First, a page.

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Global Capital Spending is Strong

Posted by: Michael Mandel on April 13

I did an article this week suggesting that the weak capital spending numbers in the U.S. are misleading, and that U.S based companies are actually spending very aggressively—just overseas. Take a look at the story here.

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Reader Comments

Brandon W

April 14, 2007 04:05 PM

"I don't have to hire one more person in the U.S.," says [Micron CEO] Appleton. "I don't have to invest one more dollar here--and we'll be just fine."

Exactly. And exactly why the big corporations have been such big proponents of globalisation. We're getting exactly what we asked for.

Mike Reardon

April 18, 2007 04:53 PM

This foreign investment is not investing in Arkansas or Georgia and not into California, maybe it should be given the same consideration as to its domestic profit return from lower cost products sold into our markets. In the same way your last post on professionals low rate of underemployment can't show the expansion of foreign professionals employment that is going on from western direct investment and returning direct services into our domestic production. That shift in investment and transfer of production has been going on for the last twenty years. Economic statistics just don't fully apply the full abilities of foreign labor in our markets. It also can't reflect many of the undocumented foreign workers now in the labor force. We may have past full employment for the market we have now and our direct overseas investment still helps floats our present GDP.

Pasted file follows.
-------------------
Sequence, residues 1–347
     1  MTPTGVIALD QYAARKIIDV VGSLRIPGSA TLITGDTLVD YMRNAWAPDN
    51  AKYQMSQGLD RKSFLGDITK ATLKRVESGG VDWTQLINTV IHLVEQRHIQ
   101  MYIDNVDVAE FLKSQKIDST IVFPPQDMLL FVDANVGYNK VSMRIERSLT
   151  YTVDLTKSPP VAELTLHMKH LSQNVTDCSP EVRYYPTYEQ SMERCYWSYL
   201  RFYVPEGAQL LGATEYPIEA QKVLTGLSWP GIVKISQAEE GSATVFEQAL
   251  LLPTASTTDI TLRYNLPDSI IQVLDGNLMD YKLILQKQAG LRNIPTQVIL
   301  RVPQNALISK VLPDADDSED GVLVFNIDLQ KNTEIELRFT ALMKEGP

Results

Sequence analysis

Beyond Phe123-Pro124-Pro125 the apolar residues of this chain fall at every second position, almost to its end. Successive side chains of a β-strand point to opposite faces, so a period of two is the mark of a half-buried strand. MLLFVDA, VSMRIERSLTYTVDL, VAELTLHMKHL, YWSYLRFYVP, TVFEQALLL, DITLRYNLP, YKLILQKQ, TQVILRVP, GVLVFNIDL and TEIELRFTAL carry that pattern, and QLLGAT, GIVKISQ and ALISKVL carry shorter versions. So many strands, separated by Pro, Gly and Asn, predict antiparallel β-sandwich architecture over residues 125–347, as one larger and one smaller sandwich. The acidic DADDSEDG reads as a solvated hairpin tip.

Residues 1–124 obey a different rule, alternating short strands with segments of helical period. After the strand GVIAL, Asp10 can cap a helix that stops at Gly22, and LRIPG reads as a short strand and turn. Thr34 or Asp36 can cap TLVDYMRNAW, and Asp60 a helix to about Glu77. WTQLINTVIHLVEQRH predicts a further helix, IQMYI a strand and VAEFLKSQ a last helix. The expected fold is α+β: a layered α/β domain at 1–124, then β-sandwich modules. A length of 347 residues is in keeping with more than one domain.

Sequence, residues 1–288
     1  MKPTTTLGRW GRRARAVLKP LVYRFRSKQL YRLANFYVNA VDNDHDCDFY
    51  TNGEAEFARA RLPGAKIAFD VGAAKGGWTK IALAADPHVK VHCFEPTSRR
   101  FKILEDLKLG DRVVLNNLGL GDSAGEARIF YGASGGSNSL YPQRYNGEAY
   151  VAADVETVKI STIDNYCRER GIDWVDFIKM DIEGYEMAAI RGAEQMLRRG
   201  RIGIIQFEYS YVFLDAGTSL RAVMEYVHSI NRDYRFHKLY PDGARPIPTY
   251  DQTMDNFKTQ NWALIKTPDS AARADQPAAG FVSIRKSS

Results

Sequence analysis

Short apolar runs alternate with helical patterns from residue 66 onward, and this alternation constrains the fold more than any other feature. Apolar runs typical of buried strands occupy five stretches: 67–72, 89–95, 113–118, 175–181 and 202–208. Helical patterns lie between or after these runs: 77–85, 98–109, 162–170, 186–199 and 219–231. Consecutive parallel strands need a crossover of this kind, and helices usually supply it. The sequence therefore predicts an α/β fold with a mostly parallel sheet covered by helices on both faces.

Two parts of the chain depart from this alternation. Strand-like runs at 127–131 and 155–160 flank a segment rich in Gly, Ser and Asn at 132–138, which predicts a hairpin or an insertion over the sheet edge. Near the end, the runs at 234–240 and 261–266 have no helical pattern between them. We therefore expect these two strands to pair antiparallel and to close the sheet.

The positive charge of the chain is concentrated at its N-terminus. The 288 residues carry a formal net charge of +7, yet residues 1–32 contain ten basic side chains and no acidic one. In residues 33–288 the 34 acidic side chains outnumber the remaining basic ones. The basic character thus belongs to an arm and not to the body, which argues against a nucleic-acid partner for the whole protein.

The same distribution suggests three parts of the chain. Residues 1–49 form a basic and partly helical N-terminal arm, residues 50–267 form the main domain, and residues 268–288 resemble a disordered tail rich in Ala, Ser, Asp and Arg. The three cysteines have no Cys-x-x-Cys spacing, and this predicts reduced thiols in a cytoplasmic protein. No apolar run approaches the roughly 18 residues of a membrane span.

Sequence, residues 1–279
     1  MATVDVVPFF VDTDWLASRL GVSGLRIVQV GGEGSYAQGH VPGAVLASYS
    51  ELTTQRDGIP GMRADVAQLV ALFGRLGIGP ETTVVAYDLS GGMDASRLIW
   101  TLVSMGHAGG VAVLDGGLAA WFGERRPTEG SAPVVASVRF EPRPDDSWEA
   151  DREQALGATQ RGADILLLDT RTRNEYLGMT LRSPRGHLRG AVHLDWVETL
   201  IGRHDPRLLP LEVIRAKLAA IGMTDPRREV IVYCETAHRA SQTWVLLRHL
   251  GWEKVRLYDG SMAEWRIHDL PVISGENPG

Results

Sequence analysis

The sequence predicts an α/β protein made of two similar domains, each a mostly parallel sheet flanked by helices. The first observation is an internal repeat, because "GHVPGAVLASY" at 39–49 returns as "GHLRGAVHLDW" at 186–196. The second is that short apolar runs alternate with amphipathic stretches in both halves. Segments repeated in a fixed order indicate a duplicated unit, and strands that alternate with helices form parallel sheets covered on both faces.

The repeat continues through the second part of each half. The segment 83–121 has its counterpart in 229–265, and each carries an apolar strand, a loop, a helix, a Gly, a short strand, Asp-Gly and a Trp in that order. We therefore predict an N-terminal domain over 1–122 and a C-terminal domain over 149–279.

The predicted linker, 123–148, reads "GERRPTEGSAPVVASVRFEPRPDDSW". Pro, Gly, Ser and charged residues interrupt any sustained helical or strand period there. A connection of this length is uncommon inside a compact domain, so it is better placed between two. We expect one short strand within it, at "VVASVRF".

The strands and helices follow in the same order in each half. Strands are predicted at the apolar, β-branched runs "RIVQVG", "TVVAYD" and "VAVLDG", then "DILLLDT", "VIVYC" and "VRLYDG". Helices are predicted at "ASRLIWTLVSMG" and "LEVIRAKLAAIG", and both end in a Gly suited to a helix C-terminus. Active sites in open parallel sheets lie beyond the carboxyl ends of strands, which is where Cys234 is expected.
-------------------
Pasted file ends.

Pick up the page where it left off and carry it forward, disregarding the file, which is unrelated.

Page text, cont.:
April 24, 2007 12:53 PM

Jim Cooper did a 3/30 video talking about how BAD capital spending was. Now you say just look at overseas numbers. Aren't you guys at odds, here? He's pretty bearish on the US economy.

Mike Mandel

April 25, 2007 04:26 AM

Jim was focused on capital investment in the U.S. being weak, while I was looking at overall cap spending by US-based corporations, which includes money that they spend in the rest of the world as well

Thank you for your interest. This blog is no longer active.



Michael Mandel, BW's award-winning chief economist, provides his unique perspective on the hot economic issues of the day. From globalization to the future of work to the ups and downs of the financial markets, Mandel-named 2006 economic journalist of the year by the World Leadership Forum-offers cutting edge analysis and commentary.

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